The week of November 23, 2014

Is it already too late to save Oakland?

By Susie Cagle

Something ominous is happening in Oakland, Calif., as the influence of Silicon Valley money ripples across the Bay Area.

Piles of investment from the tech sector and wealthy foreign citizens have flooded the Bay, and the housing bubble has collapsed in near-perfect symmetry with the new tech boom. Landlords bought up whole distressed neighborhoods on the cheap. Speculators are evicting whole apartment buildings and turning them into Airbnb rentals. Buyers are outbidding one another $100,000 at a time, and they’re paying all of it in cash.

Oakland is gentrifying, and the results could be devastating for longtime residents. Oakland’s home prices are up more than 120 percent over the last four years. While San Francisco still has by far the highest rents, Oakland’s are rising even faster. Where the city was once dubbed “an Extremely Dangerous Urban Mad Max Wasteland,” it is quickly becoming a playground. (Soon you might even be able to take the school bus to the new bars.)

Daily struggles that defined life here are not an issue for new, moneyed residents. Who needs a grocery store when you have on-demand meal delivery? Who needs mass transit when you have Uber, Lyft, and a company shuttle? Who cares about environmental pollution when you have the resources to seal windows and rehabilitate yard soil?

The Bay Area is a beast of a metropolis, featuring nine counties, 101 towns and cities, and 7.4 million people across about 6,900 square miles (not counting the water). California has never exactly been a leader in forward-thinking urban policies. People moved to the West for space, not for dense city life—cars and ranch houses, not trains and high-rises. Laws limiting growth and protecting the natural environment and farmland spurred the region’s sprawl, while suburbs, especially those in Silicon Valley, have fought affordable housing and dense living for decades, driving workers of said regions further out, creating pressure on communities like Oakland.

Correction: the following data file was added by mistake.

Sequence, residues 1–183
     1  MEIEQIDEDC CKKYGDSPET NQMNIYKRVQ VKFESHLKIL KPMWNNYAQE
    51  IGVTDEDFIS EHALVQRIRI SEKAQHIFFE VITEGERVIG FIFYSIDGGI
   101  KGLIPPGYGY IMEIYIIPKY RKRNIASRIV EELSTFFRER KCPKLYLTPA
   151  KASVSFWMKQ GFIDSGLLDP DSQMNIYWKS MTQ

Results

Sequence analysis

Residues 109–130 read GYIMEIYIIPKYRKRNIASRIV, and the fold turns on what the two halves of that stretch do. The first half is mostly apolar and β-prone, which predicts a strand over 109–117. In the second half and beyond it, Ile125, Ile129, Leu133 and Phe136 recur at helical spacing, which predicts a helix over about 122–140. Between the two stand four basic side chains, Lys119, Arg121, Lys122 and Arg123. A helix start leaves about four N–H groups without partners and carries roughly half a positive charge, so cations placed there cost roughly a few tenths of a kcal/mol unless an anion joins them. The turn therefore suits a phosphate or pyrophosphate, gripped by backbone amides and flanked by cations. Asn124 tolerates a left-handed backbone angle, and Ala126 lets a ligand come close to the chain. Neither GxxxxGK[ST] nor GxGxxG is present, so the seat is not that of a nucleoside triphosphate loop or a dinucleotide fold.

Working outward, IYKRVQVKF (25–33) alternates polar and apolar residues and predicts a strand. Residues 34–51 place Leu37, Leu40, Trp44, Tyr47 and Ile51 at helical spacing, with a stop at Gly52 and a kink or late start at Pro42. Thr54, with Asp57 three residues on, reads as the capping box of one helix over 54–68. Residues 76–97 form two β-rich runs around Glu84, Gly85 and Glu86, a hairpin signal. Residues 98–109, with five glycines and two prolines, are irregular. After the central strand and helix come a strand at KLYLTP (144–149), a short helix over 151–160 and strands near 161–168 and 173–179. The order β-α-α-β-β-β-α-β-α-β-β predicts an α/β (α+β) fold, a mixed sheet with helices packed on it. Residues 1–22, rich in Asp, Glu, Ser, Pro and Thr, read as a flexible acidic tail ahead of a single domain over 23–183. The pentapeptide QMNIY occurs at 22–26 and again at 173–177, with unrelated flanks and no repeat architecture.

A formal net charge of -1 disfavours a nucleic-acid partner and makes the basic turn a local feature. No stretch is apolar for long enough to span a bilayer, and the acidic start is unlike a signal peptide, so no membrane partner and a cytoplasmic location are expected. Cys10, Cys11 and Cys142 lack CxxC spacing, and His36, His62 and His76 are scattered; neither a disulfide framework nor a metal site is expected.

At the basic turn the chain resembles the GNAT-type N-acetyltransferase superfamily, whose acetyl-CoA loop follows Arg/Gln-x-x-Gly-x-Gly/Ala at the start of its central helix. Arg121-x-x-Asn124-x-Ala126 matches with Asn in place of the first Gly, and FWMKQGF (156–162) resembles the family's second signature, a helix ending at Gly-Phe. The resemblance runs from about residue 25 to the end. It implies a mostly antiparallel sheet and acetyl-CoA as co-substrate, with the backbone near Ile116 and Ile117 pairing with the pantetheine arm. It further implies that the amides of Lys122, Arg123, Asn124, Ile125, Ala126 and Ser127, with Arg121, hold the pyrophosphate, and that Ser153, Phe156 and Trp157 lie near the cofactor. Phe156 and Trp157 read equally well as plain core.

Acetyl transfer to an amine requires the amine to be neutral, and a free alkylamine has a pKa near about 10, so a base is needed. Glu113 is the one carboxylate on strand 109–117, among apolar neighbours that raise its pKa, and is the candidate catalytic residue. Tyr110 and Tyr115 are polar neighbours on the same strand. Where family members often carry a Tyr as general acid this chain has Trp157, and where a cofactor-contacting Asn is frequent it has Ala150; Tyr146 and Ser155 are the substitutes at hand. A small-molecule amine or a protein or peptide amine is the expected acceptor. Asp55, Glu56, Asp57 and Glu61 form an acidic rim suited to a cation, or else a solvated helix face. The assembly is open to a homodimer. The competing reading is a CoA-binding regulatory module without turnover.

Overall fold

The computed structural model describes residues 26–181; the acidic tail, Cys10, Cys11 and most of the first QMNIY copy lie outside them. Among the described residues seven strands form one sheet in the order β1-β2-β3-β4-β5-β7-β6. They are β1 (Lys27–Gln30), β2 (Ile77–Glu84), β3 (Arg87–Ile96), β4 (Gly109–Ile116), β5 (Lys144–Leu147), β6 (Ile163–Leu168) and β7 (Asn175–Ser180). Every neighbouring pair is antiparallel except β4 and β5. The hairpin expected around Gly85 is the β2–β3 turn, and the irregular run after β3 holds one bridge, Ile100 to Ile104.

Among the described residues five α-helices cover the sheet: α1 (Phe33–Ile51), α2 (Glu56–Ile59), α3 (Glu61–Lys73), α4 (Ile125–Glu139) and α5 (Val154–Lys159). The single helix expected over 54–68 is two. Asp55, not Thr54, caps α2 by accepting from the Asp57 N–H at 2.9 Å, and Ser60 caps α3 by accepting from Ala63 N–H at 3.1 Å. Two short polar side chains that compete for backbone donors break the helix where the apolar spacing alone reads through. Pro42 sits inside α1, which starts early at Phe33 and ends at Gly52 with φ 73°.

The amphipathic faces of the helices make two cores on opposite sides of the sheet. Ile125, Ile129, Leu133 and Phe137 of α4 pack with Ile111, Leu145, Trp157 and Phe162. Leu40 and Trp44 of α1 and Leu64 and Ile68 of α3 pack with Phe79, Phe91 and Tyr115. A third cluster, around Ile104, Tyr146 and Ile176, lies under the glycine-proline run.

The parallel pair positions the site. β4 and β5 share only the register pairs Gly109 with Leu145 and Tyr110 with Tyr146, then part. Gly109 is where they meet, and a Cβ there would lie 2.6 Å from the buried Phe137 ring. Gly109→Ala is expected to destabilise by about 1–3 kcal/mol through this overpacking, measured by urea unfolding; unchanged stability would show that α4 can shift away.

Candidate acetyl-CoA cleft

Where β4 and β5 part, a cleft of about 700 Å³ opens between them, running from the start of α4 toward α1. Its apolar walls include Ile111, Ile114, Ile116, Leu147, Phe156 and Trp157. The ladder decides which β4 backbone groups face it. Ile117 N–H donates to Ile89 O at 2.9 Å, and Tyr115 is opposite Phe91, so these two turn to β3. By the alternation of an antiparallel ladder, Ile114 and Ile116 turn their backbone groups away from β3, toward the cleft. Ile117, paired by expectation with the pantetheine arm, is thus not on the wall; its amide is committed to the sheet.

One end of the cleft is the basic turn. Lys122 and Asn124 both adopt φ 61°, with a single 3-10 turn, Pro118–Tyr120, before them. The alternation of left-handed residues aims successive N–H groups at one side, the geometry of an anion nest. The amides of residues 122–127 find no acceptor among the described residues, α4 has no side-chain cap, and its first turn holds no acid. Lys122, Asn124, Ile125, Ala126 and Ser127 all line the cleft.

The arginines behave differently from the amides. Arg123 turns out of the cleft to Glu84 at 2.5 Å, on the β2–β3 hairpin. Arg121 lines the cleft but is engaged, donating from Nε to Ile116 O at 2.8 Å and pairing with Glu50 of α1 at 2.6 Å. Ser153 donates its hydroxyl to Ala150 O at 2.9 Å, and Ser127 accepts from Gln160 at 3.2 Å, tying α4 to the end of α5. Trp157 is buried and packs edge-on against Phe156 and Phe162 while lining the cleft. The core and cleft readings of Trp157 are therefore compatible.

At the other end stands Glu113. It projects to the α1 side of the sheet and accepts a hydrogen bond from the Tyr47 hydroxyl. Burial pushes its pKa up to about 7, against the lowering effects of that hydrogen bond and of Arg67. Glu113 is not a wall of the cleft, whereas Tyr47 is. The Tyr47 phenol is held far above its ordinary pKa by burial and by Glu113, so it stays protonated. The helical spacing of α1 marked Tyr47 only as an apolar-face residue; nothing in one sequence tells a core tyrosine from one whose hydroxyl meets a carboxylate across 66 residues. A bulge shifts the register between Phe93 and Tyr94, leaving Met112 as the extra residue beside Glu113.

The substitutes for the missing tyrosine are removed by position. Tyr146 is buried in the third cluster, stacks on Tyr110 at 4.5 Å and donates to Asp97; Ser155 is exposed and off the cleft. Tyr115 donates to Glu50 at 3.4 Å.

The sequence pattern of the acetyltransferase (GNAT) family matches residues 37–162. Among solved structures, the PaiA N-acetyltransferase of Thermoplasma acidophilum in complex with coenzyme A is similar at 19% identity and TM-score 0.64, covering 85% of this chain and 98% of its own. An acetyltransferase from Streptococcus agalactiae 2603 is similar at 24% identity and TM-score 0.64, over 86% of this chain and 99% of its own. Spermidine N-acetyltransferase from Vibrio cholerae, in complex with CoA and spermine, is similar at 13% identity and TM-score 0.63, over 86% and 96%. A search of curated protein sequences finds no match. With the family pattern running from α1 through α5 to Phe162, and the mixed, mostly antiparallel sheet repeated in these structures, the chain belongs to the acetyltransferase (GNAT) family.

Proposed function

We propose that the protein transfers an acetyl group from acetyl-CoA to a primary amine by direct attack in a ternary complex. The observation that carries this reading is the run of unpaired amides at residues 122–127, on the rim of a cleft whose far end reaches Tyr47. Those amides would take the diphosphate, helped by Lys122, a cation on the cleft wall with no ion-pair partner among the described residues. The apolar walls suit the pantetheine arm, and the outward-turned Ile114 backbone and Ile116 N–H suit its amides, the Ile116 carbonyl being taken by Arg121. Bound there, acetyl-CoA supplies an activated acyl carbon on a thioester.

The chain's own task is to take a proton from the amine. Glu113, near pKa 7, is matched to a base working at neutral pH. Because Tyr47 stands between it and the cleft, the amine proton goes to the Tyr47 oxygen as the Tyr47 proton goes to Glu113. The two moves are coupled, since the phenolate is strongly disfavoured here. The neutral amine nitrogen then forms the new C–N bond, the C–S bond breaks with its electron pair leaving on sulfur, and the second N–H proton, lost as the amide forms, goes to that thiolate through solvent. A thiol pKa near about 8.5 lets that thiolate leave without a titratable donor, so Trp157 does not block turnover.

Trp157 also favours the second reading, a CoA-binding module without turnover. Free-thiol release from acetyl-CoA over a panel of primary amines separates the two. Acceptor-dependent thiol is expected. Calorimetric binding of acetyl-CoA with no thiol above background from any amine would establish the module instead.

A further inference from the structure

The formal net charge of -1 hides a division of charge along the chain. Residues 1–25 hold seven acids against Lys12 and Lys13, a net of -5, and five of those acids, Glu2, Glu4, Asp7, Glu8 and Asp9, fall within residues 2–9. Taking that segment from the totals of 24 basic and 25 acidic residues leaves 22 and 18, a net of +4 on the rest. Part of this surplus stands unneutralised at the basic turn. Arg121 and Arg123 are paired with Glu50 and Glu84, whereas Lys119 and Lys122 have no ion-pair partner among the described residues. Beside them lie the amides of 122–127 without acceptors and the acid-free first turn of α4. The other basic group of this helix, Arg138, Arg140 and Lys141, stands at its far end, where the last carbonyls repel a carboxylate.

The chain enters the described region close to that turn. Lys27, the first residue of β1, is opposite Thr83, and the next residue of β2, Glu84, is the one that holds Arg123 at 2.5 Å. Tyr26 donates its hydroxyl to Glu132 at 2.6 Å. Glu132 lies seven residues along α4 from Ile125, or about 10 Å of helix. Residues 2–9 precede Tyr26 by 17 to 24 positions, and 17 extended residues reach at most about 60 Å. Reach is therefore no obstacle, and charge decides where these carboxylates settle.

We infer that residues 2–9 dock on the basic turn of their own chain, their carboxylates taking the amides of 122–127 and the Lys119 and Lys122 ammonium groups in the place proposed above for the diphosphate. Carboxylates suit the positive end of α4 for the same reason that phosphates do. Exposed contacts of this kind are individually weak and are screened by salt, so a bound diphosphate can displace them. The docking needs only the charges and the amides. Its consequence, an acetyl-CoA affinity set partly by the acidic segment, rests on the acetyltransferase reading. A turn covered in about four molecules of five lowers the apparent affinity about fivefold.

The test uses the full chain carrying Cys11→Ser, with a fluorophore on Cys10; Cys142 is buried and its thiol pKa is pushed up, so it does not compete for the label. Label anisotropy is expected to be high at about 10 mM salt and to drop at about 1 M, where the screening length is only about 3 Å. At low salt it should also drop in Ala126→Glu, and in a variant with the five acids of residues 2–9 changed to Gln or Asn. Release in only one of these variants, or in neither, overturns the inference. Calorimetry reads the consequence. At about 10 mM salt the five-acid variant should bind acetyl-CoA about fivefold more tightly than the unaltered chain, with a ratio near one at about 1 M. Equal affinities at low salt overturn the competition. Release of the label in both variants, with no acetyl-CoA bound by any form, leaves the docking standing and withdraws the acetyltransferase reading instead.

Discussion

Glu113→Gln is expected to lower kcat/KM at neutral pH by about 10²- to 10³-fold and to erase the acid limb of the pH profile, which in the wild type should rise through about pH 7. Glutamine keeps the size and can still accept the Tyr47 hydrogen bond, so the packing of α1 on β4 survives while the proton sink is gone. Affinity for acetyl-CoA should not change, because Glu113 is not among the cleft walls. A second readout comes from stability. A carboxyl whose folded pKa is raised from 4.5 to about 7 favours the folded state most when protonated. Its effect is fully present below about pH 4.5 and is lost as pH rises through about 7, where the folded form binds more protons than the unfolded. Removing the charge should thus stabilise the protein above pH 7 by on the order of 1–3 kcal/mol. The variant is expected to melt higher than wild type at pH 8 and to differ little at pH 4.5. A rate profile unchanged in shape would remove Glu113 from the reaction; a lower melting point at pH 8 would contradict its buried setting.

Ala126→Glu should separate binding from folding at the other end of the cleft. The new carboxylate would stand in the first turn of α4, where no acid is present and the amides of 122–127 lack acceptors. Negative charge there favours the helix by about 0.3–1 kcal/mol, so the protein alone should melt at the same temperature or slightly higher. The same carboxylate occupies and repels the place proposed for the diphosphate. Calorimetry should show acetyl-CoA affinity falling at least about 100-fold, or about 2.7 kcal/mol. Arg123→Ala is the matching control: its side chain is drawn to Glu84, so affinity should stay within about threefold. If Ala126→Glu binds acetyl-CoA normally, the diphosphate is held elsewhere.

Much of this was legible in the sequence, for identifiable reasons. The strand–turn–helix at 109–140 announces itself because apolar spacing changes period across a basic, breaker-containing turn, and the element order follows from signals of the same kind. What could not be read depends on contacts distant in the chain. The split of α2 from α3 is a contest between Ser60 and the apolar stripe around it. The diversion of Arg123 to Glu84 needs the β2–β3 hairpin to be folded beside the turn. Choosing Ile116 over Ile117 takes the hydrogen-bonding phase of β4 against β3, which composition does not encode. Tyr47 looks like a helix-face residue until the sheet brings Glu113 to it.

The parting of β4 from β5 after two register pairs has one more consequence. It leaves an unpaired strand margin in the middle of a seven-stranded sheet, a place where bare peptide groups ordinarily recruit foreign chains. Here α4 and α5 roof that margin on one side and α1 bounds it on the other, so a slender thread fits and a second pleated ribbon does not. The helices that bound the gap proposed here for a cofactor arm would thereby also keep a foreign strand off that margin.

Oakland’s home prices are up more than 120 percent over the last four years.

What is happening in the Bay Area is not the organic shift of neighborhood demographics or a massive capital conspiracy. It’s the result of decades of public policies and planning failures, decisions that time and again favored the landed gentry and left poor communities vulnerable.

The Bay Area may have a reputation for progressive politics, but the region has taken a decidedly neoliberal turn. Oakland is actively courting tech companies and the tax dollars and lucrative jobs that come with them, but the city’s growth has so far largely been in service to those well-paid employers. According to the Bay Area Council Economic Institute, Oakland’s fastest-growing sectors are food service, hospitality, and real estate.

A new higher cost of living has motivated some reactive progressive policies, including a new minimum wage. Starting next March, $12.25 hourly pay will certainly be welcome, but it will be a small dent in a workers’ costs, barely meeting accepted livable wage standards for single adults. Similarly, a new tenant protection ordinance will help to stem evictions, but it is hardly a panacea.